The new job means going to new jails. One jail is literally so new that it doesn't even smell like jail yet. If you've ever been to a jail, you know exactly what smell I'm talking about.
Anyway, so I went to a new jail-processing unit today. I'll try to explain the layout. First, there's glass doors that you walk through to come in from the parking lot. There is a fairly large foyer area there. (With some family members standing around waiting for someone to be released, or recently released men waiting for a ride home.) Then there's a glass-windowed guard booth. And then there's a heavy steel door for when they let you in. But the guard booth kind of spans both areas, so they can see and speak to the people who have just come through the front doors, and the people who have already come through the steel door.
So, I got in through the steel door, but the guards held me there a while before I could progress into the jail, because they had to process my ID and take my picture.
While I stood there, I could hear all sorts of things coming and going. An officer came in with a K9 unit, a different officer came in and informed the guard at the desk that a class would be coming in for a tour, another officer came and told the guard that he was expecting some additional prisoners from another jurisdiction. All of this happened on the other side of the steel door, and I could only vaguely hear what was going on, mostly only by hearing the guard's side of the conversation (and not seeing any of it).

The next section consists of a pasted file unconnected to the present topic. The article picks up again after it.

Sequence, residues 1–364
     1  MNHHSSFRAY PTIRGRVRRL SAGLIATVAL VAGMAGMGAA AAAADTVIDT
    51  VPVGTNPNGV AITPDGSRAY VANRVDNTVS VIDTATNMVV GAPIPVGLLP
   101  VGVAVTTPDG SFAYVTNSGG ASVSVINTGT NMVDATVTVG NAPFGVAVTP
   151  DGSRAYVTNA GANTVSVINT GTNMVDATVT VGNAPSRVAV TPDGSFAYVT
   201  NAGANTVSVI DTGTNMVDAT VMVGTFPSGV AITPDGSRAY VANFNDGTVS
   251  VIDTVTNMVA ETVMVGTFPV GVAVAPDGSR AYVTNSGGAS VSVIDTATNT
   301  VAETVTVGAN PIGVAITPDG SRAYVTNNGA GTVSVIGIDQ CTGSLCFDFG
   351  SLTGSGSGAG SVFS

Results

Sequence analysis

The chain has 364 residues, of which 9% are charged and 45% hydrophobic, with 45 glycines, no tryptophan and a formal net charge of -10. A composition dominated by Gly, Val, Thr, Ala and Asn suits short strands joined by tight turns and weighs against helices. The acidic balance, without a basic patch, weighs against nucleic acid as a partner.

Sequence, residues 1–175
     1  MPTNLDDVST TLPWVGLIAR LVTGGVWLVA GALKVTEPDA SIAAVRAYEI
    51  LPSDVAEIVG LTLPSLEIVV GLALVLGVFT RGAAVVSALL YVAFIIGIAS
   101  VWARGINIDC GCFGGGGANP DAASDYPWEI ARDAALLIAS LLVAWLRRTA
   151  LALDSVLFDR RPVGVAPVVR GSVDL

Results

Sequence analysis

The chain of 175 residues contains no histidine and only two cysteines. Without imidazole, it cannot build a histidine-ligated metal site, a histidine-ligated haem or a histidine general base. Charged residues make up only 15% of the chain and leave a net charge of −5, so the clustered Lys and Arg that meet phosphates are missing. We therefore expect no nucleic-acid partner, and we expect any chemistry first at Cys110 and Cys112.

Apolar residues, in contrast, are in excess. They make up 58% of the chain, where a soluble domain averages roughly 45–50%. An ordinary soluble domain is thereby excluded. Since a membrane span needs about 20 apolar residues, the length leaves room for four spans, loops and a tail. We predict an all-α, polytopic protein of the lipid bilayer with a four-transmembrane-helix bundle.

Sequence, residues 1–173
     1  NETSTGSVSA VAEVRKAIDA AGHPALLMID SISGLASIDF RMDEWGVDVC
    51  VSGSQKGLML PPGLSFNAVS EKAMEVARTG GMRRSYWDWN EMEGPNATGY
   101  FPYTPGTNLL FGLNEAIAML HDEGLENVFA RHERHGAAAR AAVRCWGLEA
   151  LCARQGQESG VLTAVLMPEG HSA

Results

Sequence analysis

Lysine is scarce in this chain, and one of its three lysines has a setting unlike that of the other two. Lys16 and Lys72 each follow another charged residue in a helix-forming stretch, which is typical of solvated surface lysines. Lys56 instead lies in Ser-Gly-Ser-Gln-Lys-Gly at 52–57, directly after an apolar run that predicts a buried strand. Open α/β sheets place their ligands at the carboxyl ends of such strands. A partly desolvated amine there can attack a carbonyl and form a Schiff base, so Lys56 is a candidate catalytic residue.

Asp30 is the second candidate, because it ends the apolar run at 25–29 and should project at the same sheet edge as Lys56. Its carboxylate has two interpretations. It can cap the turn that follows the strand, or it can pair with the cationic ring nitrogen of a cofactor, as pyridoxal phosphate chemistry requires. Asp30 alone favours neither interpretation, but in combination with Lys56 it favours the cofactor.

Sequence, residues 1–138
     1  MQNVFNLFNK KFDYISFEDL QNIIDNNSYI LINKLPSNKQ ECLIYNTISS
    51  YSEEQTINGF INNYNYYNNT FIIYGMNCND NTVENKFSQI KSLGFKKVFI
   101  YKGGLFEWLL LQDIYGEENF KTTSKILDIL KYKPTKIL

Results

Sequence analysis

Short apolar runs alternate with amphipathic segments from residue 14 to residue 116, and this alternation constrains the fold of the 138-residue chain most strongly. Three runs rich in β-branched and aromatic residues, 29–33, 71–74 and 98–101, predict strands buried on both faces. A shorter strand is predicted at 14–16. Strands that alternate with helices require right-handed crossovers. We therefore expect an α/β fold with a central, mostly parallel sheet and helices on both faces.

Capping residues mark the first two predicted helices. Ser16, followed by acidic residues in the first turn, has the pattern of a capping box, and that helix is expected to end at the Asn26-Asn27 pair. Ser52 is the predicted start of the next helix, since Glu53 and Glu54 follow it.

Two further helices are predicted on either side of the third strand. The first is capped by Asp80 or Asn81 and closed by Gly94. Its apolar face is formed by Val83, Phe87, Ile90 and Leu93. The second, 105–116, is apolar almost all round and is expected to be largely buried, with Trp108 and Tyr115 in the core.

Finally, I saw the guard pick up the telephone/intercom microphone and shout "BROWN ALERT! BROWN ALERT! I REPEAT BROWN ALERT!"
I was so curious about what could be happening on the other side of the steel door. Had someone escaped? Was someone injured? What could be going on? I wanted to ask the guard, but it seemed like everything was in such a panic mode that I might somehow be interfering.
Also, I had once gotten stuck in a lockdown in a scary stinky county jail for about two hours when I was a public defender, so I was a little worried about that. It's a lot like being stuck in a really stinky elevator.
Then the guard picked up the phone again, and again over the intercom he shouted "BROWN ALERT, BROWN ALERT! REPEAT, BROWN ALERT!"
Lots of other officers and guards ran though the secure area, everyone was excited and shouting. (Mostly shouting "Brown Alert! Brown Alert!" as they ran out or ran past.) So, finally, I asked one of the guards, "What is a brown alert?"
And the guard replied, as he ran out the door, "It means the coffee truck is out in the parking lot! C'mon, let's go!"
Seriously, at least they exhibited a good response time. And they're well-caffeinated so they'll have their energy in case of an escape or a fight.